The New York Times has produced a lengthy and in-depth report and digital feature on the culture of forgery in the Chinese art world. As growing wealth in the country is raising the demand for historical cultural treasures, forgeries are now rampant. And the lack of a strong rule of law means that the perpetrators are rarely caught:
“The market is in a very dubious stage,” said Alexander Zacke, an expert in Asian art who runs Auctionata, an international online auction house. “No one will take results in mainland China very seriously.”
Indeed, even as the art world marvels at China’s booming market, a six-month review by The New York Times found that many of the sales — transactions reported to have produced as much as a third of the country’s auction revenue in recent years — did not actually take place.
Just as problematic, the market is flooded with forgeries, often mass-produced, and has become a breeding ground for corruption, as business executives curry favor with officials by bribing them with art.
Fraud is certainly no stranger to the international art world, but experts warn that the market here is particularly vulnerable because, like many industries in China, it has expanded too fast for regulators to keep pace. [Source]
As an interesting side note, the director of a Hebei museum that was discovered to house thousands of forgeries, and which is mentioned in the New York Times piece, has died “of anger”. From the Telegraph:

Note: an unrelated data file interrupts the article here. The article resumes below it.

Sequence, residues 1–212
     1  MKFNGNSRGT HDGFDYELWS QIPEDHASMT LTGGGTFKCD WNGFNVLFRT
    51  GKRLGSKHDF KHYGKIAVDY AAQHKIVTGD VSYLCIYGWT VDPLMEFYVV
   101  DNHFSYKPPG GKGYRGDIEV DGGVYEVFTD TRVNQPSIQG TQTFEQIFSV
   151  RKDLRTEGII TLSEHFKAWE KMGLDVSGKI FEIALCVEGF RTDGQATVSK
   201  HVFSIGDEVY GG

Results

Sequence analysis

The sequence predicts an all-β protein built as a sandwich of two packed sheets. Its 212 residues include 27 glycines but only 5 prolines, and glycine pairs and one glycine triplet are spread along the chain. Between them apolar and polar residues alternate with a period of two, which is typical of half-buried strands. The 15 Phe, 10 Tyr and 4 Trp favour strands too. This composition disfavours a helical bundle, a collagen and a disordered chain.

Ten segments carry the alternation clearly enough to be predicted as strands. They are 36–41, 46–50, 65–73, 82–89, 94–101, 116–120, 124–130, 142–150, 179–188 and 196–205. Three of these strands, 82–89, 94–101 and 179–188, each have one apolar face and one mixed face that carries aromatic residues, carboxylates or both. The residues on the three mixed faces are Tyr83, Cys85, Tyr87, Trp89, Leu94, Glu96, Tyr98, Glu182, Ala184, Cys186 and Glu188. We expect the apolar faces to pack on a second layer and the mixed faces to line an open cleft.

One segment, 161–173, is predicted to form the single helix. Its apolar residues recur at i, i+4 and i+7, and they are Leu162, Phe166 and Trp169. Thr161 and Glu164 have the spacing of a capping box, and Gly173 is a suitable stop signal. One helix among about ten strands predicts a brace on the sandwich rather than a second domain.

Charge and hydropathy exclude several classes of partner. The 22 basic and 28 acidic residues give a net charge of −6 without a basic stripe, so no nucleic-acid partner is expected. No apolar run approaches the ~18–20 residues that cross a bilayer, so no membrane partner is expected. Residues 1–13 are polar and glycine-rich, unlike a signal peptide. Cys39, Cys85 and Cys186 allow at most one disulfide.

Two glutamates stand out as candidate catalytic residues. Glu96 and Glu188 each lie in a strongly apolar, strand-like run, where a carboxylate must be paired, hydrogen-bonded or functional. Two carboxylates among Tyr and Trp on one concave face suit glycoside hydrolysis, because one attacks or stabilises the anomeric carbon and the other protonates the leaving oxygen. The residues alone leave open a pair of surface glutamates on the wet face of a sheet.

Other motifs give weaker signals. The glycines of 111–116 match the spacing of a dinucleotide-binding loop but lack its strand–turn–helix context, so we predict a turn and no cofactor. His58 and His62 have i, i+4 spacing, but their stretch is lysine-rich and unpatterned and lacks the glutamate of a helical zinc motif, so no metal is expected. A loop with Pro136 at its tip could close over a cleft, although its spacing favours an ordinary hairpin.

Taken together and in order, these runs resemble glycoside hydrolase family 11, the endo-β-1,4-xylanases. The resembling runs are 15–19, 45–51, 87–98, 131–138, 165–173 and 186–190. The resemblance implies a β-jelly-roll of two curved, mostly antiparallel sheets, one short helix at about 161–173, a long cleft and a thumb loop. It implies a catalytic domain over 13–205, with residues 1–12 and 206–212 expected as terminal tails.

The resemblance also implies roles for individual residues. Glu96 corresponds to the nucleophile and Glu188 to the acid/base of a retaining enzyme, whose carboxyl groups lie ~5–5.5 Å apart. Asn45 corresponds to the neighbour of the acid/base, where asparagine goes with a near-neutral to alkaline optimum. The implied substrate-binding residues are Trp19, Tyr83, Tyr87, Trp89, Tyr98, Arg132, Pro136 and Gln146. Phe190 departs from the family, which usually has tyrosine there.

Wei Yingjun, [the museum’s] chief consultant, told The Telegraph he was “quite positive” that at least 80 of the 40,000 objects on display were genuine.
Mr Wang, who was 68 at the time of his death, attempted to dodge criticism by claiming that “even the gods cannot tell whether the exhibits are fake or not.”
Ultimately, the humiliation appears to have been too much for the elderly museum owner.
On Monday morning, a specialist website called “Chinese Collectors” announced that the “famous collector” and “outstanding entrepreneur” had died of a heart-attack. The website said Mr Wang had left this world “filled with anger and the sense of having been wronged.” [Source]
Read more about the art market in China, via CDT.